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The effect of handling under anaesthetic on the recapture rate of wild ship rats (Rattus rattus)

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Abstract:

This paper describes a two-part study of small predators in New Zealand forests. First, during 12 days of live-trapping, 31 wild ship rats were captured, tagged and released: 9 were handled while anaesthetised using halothane and 22 were handled while conscious using gloves. There was a significant difference between the two groups of ship rats in live-recapture rate: 4 out of 9 rats that had been handled while anaesthetised were recaptured alive, compared with 0 of 22 that were handled while conscious. Second, during 12 days of removal-trapping, 23 ship rats were killed, of which 6 were tagged, including 4 of the 9 that had been previously handled while anaesthetised (2 of which had also been recaptured alive during the live-trapping) and 2 that had previously been handled while conscious. These observations have implications for the statistical estimation of population density from capture-mark-recapture data and for the development of protocols for minimising stress in captured animals, especially nocturnal species released from traps in daylight.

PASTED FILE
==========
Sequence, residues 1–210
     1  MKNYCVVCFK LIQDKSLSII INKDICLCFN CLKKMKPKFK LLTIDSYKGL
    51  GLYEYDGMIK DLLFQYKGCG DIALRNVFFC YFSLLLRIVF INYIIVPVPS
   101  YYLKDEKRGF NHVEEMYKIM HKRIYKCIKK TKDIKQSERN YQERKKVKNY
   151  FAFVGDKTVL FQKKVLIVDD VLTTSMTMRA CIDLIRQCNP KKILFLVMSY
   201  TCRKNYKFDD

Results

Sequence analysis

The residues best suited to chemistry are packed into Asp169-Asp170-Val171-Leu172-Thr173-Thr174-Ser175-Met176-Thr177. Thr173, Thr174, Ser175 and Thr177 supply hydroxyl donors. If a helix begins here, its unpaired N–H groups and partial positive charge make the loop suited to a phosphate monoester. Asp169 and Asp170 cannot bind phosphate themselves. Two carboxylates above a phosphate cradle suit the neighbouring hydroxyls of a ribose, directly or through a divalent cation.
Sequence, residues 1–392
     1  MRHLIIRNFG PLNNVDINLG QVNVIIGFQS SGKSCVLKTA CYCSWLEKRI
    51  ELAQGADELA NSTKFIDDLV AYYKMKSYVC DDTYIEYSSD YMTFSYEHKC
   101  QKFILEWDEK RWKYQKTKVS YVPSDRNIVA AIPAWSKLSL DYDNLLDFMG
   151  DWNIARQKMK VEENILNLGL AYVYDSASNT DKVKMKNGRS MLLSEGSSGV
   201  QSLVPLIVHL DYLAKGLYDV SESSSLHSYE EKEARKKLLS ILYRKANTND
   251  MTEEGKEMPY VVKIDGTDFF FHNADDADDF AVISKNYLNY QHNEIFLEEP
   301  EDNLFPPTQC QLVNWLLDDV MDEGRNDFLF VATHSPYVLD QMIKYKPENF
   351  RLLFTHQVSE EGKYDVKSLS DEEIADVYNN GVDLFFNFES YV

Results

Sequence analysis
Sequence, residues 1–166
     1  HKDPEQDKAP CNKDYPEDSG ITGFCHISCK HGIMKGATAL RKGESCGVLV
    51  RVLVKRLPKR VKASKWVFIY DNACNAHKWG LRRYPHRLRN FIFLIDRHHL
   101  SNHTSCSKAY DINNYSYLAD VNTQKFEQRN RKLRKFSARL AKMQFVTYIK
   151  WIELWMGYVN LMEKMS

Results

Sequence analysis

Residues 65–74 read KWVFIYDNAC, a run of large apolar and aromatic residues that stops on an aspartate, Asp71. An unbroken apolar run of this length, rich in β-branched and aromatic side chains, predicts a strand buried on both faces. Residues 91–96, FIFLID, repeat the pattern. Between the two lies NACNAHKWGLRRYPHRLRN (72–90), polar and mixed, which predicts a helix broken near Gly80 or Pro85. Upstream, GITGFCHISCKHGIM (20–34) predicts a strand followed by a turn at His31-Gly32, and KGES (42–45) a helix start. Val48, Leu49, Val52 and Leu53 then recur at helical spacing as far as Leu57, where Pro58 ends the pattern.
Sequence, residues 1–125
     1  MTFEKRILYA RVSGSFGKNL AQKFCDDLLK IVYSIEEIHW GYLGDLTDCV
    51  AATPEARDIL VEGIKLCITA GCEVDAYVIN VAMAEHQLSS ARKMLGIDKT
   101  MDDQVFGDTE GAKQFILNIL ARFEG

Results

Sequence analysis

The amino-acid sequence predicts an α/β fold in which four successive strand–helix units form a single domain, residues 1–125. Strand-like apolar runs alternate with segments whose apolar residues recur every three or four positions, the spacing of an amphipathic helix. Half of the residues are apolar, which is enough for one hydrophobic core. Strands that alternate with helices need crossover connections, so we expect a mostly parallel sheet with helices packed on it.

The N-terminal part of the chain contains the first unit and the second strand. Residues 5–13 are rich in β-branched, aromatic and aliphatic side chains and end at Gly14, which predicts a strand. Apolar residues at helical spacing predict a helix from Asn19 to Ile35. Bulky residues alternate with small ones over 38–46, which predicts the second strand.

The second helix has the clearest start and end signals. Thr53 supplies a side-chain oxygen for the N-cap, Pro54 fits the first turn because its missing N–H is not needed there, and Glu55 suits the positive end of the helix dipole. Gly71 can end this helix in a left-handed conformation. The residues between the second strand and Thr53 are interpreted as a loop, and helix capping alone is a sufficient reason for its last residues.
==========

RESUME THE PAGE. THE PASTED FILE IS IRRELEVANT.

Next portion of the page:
Keywords: ANAESTHESIA; ANIMAL WELFARE; CAPTURE PROBABILITY; RATTUS RATTUS; SHIP RAT; TRAP AVOIDANCE

Document Type: Short Communication

Publication date: February 1, 2006

ufaw/aw/2006/00000015/00000001/art00010
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